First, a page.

Some of you may know that I am a member of INCOSE, but few may be aware that I am involved in the efforts being made to create a Canada Chapter.
As part of its effort to become a registered chapter, the emergent Canada Chapter has held conferences in the past (the last one was on December 21, 2015).
There is a new event coming up on June 16 that promises “An evening of System Security Engineering” (a.k.a., SSE)!
SSE is gaining a lot of traction these days, especially with the rapid growth of the Internet of Things (IOT, or as some like to say, the Internet of Everything) and various security concerns around our infrastructures. If you are building systems, this is a topic that you can’t avoid.
Are you interested in knowing more? Have a look at the flyer and maybe you’ll want to join us! Tickets are availble from Eventbrite and if you’re an active INCOSE member, it’s free!
I hope to see you there!
Next week, I’ll be at the 25th INCOSE Symposium in Seattle, WA. I will be in the PolarSys booth in the exhibition hall, presenting and talking about Eclipse Papyrus with my colleagues (and friends) from the CEA. Of course, since this is an INCOSE conference, we will be concentrating on Papyrus’ SysML capabilities and Papyrus for Real Time.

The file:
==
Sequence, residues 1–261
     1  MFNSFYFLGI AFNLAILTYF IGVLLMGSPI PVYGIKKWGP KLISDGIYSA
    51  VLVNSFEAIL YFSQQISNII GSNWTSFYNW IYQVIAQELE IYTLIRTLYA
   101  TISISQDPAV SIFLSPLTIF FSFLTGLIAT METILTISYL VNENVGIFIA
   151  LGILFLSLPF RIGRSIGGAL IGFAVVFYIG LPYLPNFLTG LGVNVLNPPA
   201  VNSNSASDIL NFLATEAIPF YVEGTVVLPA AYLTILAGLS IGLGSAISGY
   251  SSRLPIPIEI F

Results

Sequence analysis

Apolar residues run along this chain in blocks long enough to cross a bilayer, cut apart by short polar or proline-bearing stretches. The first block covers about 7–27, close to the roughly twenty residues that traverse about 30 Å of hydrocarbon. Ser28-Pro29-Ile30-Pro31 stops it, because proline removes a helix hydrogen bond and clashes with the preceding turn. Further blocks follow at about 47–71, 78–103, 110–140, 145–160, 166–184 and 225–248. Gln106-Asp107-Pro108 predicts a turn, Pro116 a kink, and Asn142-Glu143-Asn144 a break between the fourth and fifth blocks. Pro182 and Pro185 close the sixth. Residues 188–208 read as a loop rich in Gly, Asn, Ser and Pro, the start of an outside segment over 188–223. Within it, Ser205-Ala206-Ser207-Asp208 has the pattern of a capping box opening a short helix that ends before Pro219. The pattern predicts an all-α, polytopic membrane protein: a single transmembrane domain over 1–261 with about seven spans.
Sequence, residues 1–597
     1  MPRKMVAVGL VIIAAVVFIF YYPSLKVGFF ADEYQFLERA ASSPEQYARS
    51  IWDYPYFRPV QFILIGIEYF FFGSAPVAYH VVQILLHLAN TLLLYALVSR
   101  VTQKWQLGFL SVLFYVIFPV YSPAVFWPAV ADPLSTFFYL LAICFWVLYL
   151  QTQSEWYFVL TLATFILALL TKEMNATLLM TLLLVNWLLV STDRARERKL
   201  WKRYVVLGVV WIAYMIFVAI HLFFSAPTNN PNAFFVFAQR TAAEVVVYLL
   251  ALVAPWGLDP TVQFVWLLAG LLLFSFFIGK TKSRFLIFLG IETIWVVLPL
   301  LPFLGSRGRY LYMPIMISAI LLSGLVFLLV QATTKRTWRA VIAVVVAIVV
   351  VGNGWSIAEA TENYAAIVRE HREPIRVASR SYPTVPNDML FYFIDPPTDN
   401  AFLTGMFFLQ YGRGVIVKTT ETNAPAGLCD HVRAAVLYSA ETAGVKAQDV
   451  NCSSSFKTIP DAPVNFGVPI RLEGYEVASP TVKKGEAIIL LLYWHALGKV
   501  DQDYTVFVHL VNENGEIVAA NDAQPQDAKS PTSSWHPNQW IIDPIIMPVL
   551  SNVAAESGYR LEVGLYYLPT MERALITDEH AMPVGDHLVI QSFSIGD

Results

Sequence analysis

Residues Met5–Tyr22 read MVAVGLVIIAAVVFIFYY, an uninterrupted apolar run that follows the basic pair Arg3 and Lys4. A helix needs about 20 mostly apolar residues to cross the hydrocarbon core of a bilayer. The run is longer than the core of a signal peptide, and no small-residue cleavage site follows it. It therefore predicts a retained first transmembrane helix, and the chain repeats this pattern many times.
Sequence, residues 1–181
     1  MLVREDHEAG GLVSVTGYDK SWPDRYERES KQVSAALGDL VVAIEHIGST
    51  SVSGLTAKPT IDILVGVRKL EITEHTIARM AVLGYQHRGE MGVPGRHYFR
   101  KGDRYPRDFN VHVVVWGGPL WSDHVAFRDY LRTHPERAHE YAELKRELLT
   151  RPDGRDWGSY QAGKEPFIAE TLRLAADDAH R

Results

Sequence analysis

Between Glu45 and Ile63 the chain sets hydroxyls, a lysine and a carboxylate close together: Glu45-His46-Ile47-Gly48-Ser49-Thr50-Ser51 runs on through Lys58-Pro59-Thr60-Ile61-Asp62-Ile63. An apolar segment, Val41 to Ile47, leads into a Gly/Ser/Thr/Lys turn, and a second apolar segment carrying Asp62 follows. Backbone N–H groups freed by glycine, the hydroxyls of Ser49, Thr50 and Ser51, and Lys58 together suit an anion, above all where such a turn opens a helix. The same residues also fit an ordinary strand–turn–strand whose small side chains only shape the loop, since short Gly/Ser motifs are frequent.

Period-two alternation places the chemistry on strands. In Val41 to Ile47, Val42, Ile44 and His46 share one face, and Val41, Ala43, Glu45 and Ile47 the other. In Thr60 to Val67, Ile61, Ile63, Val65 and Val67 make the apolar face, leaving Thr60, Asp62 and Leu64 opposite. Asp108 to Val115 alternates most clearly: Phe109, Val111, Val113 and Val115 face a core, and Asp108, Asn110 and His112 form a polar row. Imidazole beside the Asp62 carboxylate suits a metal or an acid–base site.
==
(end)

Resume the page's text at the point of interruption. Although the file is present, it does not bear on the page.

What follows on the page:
The plan is to show how Papyrus can help practitioners reach the goals for model-driven engineering from both INCOSE’s 2020 and 2025 Visions.
Will you be at the Symposium? If so, drop me a note and come talk to us at booth B6-B7 in the Exhibit Hall!
I look forward to seeing you there!
In her community on IBM developerWorks, Hazel Woodcock posted an excellent blog entry describing a rework of the Agile Manifesto (really a “Manifesto for Agile Software Development“) into something that is more relevant to system engineering and the development of large systems.
If you have any interest in systems engineering (or if you are a member of INCOSE, like me), you really should have a look and make your voice heard (you’ll have to join developerWorks to be able to comment)!
IBM is still serious about dealing with all aspects of systems development. In the past, this was mainly seen as developing embedded software. More recently, with the rise in popularity of SysML, there have been added capabilities to support systems engineers’ needs for architecture modeling and development tooling. Now, IBM is taking the rest of the tools into consideration by attaching systems development to the Jazz platform:
Jazz Community Site – Expanding horizons: systems engineering and software development
Interesting read and, perhaps more importantly, the start of discussions related to this topic!
If you have any interest in systems engineering (not just embedded software development), please respond to Greg’s invitation to talk and discuss about it!